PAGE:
Events took us to the L.A. area earlier this month, and so it was a perfect opportunity to take in some of the museum exhibitions that are part of Pacific Standard Time: Art in L.A. 1945-1980. This massive project was initiated by the Getty Center and Getty Research Institute as a call to arms to gather and preserve archival material pertaining to post-war modern design, art and architecture in Southern California before it got scattered to the four winds. Go archives!
Destination #1 (and the top one on my list) on Sunday the 4th was the California Design, 1930-1965: “Living in a Modern Way” show at LACMA. Here’s a picture of the catalog, which is highly recommended:
I was a good boy and obeyed LACMA’s notice that photography was not allowed in special exhibition halls, so I left my groovy new Sony NEX-5N camera at home and don’t have any pictures of my own to post. It turned out that photography *was* allowed and the shutterbugs were going nuts in there. Oh well!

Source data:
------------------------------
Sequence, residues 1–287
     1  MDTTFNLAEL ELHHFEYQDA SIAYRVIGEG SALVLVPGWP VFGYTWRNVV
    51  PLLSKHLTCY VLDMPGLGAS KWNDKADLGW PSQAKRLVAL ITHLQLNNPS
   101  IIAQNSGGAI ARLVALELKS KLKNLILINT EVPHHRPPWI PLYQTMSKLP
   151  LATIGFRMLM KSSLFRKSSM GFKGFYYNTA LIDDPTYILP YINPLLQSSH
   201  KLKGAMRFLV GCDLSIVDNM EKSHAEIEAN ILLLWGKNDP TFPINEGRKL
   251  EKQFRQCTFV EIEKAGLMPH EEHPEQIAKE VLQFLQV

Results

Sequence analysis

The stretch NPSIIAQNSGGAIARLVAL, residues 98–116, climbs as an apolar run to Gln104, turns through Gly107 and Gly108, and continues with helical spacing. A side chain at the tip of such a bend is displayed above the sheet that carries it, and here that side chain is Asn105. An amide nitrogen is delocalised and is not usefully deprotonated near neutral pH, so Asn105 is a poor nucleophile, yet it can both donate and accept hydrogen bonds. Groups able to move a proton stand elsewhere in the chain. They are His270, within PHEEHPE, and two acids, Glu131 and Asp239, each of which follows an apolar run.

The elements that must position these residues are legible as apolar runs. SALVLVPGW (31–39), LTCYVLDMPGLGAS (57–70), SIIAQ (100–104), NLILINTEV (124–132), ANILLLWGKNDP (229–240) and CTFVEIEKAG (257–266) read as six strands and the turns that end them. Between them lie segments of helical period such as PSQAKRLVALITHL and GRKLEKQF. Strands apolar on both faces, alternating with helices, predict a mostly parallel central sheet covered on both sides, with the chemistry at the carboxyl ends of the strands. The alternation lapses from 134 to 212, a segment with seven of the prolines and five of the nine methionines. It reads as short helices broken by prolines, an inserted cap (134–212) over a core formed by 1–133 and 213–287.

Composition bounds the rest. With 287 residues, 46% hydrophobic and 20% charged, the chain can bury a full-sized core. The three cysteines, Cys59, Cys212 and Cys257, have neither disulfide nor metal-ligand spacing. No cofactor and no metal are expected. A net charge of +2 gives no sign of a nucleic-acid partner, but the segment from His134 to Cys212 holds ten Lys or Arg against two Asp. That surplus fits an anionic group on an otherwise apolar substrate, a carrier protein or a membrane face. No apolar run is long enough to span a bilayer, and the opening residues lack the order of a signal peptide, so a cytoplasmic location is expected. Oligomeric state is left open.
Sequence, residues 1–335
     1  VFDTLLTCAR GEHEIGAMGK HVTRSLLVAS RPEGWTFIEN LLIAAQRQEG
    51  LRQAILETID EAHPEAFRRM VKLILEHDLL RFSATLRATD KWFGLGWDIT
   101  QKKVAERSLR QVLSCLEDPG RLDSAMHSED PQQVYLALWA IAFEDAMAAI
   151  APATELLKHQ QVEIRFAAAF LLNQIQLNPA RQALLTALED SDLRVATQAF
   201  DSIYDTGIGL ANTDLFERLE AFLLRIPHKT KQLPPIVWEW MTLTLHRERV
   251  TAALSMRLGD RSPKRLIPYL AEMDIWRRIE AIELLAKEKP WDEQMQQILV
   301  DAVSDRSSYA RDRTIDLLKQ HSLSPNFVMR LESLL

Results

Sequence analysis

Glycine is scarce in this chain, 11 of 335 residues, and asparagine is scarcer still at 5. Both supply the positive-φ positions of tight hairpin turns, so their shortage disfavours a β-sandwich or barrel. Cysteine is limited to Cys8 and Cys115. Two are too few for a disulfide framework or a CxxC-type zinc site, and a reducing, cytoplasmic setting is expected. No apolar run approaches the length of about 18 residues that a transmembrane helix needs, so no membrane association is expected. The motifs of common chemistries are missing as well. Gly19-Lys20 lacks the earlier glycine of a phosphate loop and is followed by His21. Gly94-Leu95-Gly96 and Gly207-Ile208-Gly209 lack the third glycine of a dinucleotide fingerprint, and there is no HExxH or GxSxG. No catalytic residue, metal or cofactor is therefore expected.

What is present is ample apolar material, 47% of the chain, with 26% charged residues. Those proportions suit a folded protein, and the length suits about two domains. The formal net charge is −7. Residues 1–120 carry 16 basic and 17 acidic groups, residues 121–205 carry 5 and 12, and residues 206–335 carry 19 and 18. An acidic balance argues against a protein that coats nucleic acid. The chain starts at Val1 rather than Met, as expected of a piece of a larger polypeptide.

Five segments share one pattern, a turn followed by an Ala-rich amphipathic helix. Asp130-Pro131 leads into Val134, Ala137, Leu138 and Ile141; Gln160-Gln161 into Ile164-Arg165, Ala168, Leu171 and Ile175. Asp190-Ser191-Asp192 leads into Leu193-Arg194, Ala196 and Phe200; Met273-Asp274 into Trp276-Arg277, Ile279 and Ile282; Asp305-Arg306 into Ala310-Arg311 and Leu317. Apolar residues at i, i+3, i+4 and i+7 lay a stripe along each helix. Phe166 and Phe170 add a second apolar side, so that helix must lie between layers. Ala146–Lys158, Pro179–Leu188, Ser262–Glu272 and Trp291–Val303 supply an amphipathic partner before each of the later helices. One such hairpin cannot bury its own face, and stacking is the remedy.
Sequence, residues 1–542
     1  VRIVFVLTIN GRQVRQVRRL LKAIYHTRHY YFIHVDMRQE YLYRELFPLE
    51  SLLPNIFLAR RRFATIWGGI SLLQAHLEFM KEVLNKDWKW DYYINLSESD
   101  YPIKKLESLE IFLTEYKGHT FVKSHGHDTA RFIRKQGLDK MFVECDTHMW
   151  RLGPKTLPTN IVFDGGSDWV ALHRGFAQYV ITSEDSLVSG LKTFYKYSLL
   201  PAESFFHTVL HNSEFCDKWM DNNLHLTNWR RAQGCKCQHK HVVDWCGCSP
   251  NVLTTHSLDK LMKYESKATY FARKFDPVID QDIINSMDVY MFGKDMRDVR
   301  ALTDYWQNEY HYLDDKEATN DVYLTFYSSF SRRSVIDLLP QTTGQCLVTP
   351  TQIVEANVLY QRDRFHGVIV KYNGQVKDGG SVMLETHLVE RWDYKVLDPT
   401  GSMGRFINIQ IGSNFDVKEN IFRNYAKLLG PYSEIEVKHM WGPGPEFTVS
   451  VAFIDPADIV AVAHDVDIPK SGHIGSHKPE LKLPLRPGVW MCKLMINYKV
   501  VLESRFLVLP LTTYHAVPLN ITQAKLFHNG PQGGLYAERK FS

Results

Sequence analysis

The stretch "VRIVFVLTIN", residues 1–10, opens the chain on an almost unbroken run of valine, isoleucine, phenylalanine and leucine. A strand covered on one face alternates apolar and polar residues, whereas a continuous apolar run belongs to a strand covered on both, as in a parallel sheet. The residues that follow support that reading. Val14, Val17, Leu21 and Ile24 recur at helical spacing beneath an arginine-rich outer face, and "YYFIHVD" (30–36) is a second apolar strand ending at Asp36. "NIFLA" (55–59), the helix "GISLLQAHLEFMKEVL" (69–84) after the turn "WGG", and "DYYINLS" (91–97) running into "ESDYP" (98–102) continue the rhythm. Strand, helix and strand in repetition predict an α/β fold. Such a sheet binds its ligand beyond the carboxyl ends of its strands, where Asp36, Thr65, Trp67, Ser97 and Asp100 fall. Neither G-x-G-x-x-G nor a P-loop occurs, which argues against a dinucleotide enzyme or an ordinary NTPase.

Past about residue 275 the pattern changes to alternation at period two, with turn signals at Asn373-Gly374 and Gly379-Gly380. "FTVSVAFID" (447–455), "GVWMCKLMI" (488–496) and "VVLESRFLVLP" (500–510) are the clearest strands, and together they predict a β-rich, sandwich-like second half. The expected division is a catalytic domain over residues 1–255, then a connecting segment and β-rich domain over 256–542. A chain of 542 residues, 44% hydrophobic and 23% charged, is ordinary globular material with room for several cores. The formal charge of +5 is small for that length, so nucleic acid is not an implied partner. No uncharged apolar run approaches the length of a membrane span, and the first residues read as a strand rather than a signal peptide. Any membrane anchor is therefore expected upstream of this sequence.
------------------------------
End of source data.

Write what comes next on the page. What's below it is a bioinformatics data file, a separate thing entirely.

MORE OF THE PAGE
The show was not super huge but very dense and compact like a good double espresso. The show’s curators did a really great job of hitting all the iconic pieces and references you would expect (like Eames and Neutra) and at the same time covering less well-known creators like David Cressey and Olga Lee (whom some will know as Mrs. Milo Baughman).
One of my faves was a large vase by F. Carlton Ball:
There was a low chest by Mabel Hutchinson that was superb. Incredible Greta Grossman pieces included the iconic Grasshopper lamp along with a floor version of the Cobra lamp with shade and reflector. Great Grossman desk too.
Spent some quality time grooving (with my eyes only, of course) on this lounge chair by Arthur Espenet Carpenter:
There was a re-creation of the living room for the Eames Case Study House. Maybe because it was behind glass and off-limits it seemed a little sterile, which is the opposite of what I imagined the Eames’ living room to be like. Or maybe it was the fake plants. In any case it was cool to see but not really a highlight for me.
When you stop and think about the range of the show (furniture! ceramics! architecture! fashion! cars and jewelry! graphic design!) it really seems impossible but they pulled it off. I liked how they included hard-to-find furniture by Neutra and Schindler, like this chair by Schindler for Sardi’s Restaurant:
The show is deep deep deep and is up through March 20th, 2012.